Having followed Ruffian in my youth, and then devastated by her death, I understand what just is staying. The story is not about “some member of the ruling family of Qatar having a horse”, anymore than the story of Ruffian was about her actual owners. Its about the horse itself, and what she is seen as standing for in the minds of the public. In the allegorical sense the story and the horse are about an idea and the “owners” in this sense are those who root for her.

        Maybe allegories are just too “bizarre” for you to get?

      • Donald
        Donald
        May 5, 2014, 10:46 pm

        Allegories belong in the realm of religion. I never really cared for it there either–“Pilgrim’s Progress” is rather a bore. And yeah, I’d much rather people deal with facts, rather than symbols, especially rather dubious symbols like a horse owned by a member of the Qatar elite. If this horse somehow makes a tangible difference in the plight of the Palestinians, great. I think it unlikely. Otherwise, when one points to one owned by a member of the ruling family of Qatar called “flotilla”, the question that leaps to my mind is what he is doing about the plight of migrant workers in Qatar. Maybe he has named a foal in their honor.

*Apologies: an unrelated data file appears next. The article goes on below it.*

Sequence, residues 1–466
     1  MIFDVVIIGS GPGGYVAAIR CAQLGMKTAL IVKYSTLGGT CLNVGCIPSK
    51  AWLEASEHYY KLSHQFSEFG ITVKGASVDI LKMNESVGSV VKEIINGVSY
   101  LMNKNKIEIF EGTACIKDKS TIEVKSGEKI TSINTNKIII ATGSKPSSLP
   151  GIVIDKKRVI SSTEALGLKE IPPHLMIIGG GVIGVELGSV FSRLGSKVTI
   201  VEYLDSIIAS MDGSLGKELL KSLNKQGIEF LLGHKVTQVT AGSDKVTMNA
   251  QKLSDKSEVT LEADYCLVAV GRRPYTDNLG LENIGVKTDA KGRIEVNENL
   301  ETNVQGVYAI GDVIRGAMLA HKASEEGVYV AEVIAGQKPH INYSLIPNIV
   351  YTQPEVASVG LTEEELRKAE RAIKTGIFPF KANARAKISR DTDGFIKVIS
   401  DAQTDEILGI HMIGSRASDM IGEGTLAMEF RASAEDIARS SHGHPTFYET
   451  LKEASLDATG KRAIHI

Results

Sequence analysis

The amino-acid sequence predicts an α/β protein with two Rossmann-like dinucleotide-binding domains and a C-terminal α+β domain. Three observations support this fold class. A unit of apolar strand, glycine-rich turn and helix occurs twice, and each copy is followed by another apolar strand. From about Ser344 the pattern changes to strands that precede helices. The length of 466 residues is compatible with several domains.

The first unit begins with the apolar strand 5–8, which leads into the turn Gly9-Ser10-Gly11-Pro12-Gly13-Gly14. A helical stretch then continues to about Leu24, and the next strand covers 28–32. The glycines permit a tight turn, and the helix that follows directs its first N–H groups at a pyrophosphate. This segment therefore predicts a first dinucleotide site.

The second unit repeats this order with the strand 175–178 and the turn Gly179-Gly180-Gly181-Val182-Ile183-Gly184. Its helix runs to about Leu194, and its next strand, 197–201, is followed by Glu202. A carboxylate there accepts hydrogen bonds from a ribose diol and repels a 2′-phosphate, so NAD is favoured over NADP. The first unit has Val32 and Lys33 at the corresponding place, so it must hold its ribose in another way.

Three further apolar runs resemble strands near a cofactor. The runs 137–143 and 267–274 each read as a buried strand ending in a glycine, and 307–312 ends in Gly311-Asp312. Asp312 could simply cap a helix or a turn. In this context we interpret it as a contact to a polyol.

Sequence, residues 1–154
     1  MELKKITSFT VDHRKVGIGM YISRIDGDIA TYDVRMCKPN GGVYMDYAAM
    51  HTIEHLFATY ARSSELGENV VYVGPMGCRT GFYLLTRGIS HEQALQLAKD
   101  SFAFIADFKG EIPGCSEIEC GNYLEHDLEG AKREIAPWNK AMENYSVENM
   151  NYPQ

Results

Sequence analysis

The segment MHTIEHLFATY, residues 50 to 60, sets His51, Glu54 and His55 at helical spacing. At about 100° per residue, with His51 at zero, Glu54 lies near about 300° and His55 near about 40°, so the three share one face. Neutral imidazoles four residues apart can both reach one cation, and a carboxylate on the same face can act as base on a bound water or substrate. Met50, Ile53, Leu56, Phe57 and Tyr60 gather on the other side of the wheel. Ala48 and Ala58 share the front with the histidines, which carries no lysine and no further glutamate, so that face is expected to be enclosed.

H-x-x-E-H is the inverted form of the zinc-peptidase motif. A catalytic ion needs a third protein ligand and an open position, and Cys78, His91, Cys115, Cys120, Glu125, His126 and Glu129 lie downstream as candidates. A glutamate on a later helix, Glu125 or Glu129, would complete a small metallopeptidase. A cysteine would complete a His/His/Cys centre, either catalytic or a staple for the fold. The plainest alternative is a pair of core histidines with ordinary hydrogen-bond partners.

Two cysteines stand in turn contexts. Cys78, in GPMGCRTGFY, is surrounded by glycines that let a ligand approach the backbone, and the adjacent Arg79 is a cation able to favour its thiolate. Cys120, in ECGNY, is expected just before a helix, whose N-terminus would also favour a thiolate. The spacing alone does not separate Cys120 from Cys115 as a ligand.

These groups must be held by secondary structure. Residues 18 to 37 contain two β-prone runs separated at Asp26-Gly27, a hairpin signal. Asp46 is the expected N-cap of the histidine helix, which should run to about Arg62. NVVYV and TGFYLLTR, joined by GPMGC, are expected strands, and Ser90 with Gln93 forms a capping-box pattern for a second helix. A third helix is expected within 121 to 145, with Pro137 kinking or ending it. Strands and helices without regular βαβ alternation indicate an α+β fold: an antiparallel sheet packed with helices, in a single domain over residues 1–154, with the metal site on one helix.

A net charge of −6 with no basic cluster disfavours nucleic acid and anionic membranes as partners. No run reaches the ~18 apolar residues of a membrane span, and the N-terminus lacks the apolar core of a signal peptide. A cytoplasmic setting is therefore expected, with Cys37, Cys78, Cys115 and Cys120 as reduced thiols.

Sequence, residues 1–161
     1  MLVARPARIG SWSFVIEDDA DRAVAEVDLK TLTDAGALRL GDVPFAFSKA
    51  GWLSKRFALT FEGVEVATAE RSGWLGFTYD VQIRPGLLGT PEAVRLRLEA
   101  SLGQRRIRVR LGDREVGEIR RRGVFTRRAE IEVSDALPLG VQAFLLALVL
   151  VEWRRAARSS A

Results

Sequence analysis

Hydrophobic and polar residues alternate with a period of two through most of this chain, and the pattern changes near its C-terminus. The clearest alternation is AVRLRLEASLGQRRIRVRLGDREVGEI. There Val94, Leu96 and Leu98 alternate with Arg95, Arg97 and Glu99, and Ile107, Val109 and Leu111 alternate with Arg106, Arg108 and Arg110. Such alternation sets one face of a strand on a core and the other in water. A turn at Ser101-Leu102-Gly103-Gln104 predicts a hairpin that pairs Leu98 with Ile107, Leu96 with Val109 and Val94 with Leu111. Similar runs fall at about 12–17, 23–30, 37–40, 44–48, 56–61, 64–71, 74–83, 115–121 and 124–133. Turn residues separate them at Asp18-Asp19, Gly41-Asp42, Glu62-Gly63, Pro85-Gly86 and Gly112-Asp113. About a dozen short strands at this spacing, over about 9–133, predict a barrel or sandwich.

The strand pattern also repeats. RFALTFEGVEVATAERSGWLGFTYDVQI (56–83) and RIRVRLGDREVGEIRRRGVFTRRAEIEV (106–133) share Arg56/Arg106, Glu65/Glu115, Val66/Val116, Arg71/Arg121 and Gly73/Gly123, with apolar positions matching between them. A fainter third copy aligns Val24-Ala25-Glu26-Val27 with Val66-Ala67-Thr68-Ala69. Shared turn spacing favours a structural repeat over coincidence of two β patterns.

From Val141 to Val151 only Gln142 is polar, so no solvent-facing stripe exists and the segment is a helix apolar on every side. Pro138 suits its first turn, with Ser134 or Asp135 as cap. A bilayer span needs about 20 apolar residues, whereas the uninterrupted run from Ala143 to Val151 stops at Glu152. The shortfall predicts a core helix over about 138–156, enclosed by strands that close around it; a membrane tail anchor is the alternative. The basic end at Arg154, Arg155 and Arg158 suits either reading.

Basically, what bothers my literal head is something Chomsky wrote–it’s hardly surprising to learn that the Soviet government used to condemn the crimes of Southern segregationists or of South Africa or that the US apparatchiks would write about the crimes of the communists. But who cares what people like that think? So Qatar supports Hamas and this horse is named after the flotilla. Same thing. It’s what the hasbarists do, just in the other direction.